Green tomatoes and pizza sauce

I’ve picked every tomato in the patch in preparation for our first killing frost this weekend. Most will ripen up fine, but there will be lots of little green ones that are too immature to ever ripen. I’d like to make some mock apple pie filling with them and either can or freeze it. Any ideas?

Also, I put 20 gallon-size bags of whole tomatoes in the freezer for my mom and she says she won’t need them after all. I already have plenty for tomato juice so this would be a good time to make pizza sauce. Frozen tomatoes are easy to peel when they defrost a little. From that point on, what would you suggest I do and what seasonings should I add to make a nice pizza sauce? I plan on pressure-canning it.

Carol Elkins
Pueblo, Colorado

For the mock apple pie filling, here’s what I’d do:

I’d slice your hard smaller green tomatoes, as you would apples. Here’s a recipe if you end up with 7 quarts of them (adjust, as needed).

7 quarts sliced hard, smaller green tomatoes
2½ cups white sugar
2½ cups brown sugar
½ cup vinegar
½ cup lemon juice
2 Tbsp. ground cinnamon
1 tsp. ground cloves
1 cup Clear Jel (optional, but add it if you don’t want to cook down your tomatoes)

If you use Clear Jel, add sugars, vinegar, and lemon juice as well as Clear Jel in a large pot along with spices. Heat and stir until mixture thickens. Add tomatoes and heat. Quickly fill jars with hot filling, leaving ½ inch of headspace. If you don’t use Clear Jel, cook all ingredients until mixture is slightly thickened (about 30 minutes) stirring to prevent scorching. Then fill jars, as above. Process quarts in a boiling water bath canner for 15 minutes. If you live at an altitude above 1,000 feet consult your canning book for directions on increasing your processing time to suit your altitude, if necessary.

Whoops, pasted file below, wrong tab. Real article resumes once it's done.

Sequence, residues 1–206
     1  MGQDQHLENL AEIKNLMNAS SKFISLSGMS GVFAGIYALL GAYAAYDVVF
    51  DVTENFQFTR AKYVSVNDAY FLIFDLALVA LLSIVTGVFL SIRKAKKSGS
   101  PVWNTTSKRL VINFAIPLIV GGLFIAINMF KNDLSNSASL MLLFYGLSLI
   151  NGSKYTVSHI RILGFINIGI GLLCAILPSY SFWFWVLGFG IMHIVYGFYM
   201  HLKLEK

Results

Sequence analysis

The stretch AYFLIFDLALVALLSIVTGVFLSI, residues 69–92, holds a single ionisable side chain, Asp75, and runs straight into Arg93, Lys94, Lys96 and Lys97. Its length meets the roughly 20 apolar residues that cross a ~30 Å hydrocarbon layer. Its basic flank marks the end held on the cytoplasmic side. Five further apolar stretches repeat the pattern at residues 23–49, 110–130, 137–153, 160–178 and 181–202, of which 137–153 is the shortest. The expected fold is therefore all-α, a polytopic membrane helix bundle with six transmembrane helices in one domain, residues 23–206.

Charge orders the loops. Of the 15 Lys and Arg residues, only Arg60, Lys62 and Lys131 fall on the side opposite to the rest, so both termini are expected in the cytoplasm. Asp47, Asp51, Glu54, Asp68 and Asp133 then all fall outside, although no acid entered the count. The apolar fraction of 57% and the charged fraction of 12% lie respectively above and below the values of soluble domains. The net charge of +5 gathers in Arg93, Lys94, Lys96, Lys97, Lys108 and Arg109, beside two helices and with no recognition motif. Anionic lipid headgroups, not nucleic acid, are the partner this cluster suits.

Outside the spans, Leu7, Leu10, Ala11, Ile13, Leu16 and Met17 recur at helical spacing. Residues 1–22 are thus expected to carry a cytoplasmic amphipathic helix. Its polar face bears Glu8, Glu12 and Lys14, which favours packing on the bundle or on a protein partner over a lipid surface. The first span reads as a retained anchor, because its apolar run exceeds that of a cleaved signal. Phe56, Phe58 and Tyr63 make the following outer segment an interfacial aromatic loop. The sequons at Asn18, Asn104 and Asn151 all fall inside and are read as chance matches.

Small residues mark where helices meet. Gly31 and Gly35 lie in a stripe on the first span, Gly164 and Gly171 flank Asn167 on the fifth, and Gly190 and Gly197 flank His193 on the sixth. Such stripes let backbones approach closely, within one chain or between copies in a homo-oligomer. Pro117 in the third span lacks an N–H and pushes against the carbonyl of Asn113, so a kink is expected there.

What I would do with your peeled tomatoes is to thaw nearly completely, then run through a food mill or tomato mill (such as a Victorio). Then either put in a roasting pan in the oven at low temperature, in a slow cooker, or on a stove top, in a large kettle and cook down until thickened. Then add, depending on the amount of sauce you end up with, brown sugar, oregano, basil, onion flakes, garlic, salt to taste. Add a bit, taste, and adjust your seasonings to taste. To pressure can your sauce, process pint or half pint jars for 20 minutes at 10 pounds pressure. If you live at an altitude above 1,000 feet, consult your canning book for directions on increasing your pressure to suit your altitude. — Jackie

Unusual jellies

I just ordered some more of your books from BHM website tonight. Love your sharing your knowledge. I’m looking for jam/jelly etc. recipes for unusual things like Aronia, Sea Berry, etc. Have any? One of your books I ordered tonight is: Growing and Canning Your Own Food. Will that help me?

Francis Rosinski
Grapeview, Washington

I have not made jelly/jam out of aronia or Sea berry yet. But there are recipes for wild plum, chokecherry, and others. Basically, you can usually just use a like recipe for untried fruits (if it’s a tart fruit, use a tart fruit recipe; if it’s astringent, use chokecherry, etc.). Make a small batch, then adjust it as needed. — Jackie

Pie pumpkins

I planted pie pumpkins this year and for the first time ever I have about 15 pumpkins. Some are orange already from the field. But we had a hard frost and I picked the green ones. Will they ripen yet in our garage or house? Or should I use them green? Will they turn orange or just ripen inside with no color change?

Cindy Hills
Wild Rose, Wisconsin

If your pumpkins are quite mature, although green, they may go ahead and orange up. Some varieties do; others don’t. Give them a few weeks in storage and you’ll be able to tell. If any start to “pucker,” go ahead and use them green (like summer squash). If they hold, keep a close eye on them and see if they don’t begin to color up. — Jackie


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